This course addresses a series of questions relevant to the evaluation of environmental issues from a philosophical perspective. Why is the natural environment valuable? Does it possess value only insofar as it provides us with some instrumental good or does it have inherent worth independent of that which human beings derive from it? Should we preserve and protect the natural world for its own sake or simply for our own? How might the answers we give to these questions inform our environmental activism and our public policies? In an attempt to address these questions, the course will look at various arguments philosophers have offered regarding the natural world’s value, and assess various strategies that have been proposed and pursued in the name of respecting and/or preserving our natural environment. Material for this course may be drawn from both historical and contemporary philosophy, and from both the analytic and the continental tradition. While the course will be accessible to students with non-philosophical backgrounds, its methods of evaluation will prepare students to succeed in upper level courses in ethics and social and political philosophy.

PHIL 2504 [0.5 credit]:  Language and Communication
Scheduled late summer semester (July/August); Tuesdays and Thursdays, 6:00 – 9:00 pm

Some of the central topics in the study of language and communication as pursued by linguists and philosophers. The nature of meaning; the connections between language, communication and cognition; language as a social activity.

Application Procedures and Deadlines:

Required Professional Qualifications:  MA Degree in the appropriate field.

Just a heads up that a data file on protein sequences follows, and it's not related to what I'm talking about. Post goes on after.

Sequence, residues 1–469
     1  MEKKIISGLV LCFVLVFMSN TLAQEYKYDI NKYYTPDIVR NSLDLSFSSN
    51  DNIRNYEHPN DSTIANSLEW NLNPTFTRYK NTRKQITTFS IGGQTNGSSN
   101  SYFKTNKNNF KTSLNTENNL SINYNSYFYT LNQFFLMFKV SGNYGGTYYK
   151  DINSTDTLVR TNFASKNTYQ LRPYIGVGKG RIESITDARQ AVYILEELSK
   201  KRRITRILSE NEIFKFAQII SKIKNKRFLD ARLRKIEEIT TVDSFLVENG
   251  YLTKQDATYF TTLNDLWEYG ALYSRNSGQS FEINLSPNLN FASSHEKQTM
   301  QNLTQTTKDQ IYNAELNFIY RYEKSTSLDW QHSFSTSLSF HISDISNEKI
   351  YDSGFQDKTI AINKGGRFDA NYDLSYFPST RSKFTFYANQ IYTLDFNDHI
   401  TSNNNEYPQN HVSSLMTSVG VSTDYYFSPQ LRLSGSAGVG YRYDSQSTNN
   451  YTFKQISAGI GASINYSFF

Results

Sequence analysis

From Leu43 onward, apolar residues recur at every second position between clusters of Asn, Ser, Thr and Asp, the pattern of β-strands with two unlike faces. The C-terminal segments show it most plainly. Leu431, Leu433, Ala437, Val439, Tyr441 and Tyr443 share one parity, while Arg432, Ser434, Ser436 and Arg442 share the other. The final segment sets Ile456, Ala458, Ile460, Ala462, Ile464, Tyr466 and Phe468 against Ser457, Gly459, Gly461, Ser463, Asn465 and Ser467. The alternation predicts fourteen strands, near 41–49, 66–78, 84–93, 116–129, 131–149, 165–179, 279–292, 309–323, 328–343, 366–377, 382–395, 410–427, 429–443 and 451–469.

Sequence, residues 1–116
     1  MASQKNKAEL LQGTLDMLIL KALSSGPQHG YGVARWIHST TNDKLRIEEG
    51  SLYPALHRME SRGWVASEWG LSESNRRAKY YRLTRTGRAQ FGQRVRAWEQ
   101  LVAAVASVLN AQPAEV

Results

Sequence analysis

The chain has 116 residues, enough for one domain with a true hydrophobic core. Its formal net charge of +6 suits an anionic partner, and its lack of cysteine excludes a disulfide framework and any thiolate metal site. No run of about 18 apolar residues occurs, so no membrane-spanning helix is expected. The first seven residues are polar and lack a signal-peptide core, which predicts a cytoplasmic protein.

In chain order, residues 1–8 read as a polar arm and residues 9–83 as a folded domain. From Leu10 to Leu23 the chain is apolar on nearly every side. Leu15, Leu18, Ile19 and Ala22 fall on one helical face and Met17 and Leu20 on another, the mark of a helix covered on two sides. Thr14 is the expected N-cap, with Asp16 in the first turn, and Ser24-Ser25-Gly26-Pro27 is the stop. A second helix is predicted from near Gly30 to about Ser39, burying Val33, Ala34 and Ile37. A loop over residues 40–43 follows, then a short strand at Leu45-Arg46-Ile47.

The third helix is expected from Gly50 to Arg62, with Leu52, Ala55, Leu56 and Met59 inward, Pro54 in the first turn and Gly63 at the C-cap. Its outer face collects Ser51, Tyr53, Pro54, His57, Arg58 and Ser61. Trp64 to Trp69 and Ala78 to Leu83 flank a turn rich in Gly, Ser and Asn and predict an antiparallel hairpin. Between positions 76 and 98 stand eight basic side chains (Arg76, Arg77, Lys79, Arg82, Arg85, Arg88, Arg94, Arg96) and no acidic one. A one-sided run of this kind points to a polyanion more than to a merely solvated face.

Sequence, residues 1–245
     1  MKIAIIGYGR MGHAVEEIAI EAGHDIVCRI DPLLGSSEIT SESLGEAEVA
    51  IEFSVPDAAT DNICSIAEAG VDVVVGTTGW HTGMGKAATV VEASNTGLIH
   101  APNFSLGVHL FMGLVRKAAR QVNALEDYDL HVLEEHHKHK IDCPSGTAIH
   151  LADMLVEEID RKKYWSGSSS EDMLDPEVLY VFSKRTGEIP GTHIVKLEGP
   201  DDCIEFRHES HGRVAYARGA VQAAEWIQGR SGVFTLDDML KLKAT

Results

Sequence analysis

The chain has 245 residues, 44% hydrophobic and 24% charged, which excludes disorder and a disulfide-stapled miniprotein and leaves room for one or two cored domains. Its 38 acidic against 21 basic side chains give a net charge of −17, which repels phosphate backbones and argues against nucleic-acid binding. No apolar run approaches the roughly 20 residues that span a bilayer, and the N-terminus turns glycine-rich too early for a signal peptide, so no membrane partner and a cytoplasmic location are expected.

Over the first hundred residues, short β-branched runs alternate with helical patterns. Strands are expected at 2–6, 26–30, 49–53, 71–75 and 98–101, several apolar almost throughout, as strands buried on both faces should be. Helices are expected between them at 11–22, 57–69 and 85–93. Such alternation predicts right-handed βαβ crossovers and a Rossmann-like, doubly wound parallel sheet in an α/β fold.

Closing Date:  Wednesday, January 8th, at 1:00 pm

All applicants must apply to the Department Head in writing and in relation to each course for which they wish to be considered:
Professor Annie Larivée
Chair, Department of Philosophy
Carleton University
1125 Colonel by Drive, 3A35 Paterson Hall
Ottawa, ON. K1S 5B6

Send applications to:  sandra.kirkpatrick@carleton.ca

As per Article 15.3 of the current CUPE 4600 Unit 2 Collective Agreement, applicants are required to submit an up to date CV, including a complete listing of all courses taught within the CUPE 4600 Unit 2 bargaining unit at Carleton University. Note that when applying to classes for which they have incumbency, applicants shall not be required to (re)submit documentation beyond their updated CV.

Pre-Posting Hiring Decisions:

The following courses have been assigned to graduate students, post-doctoral fellows, or visiting scholars.  These courses are not open for applications but the department will contact the most senior incumbent to review their rights under Article 17.6 of the CUPE 4600-2 Collective Agreement:

  • PHIL 1550: Introduction to Ethics and Social Issues
  • PHIL 2408: Bioethics

A note to all applicants: As per Articles 16.3 and 16.4 in the CUPE 4600-2 Collective Agreement, the posted vacancies listed above are first offered to applicants meeting the incumbency criterion. A link to the current CUPE 4600-2 Collective Agreement can be found at the Academic Staff Agreements webpage on the Carleton University Human Resources website http://carleton.ca/hr/collective-agreements/academic-staffing-agreements/ and the CUPE 4600-2 website http://4600.cupe.ca/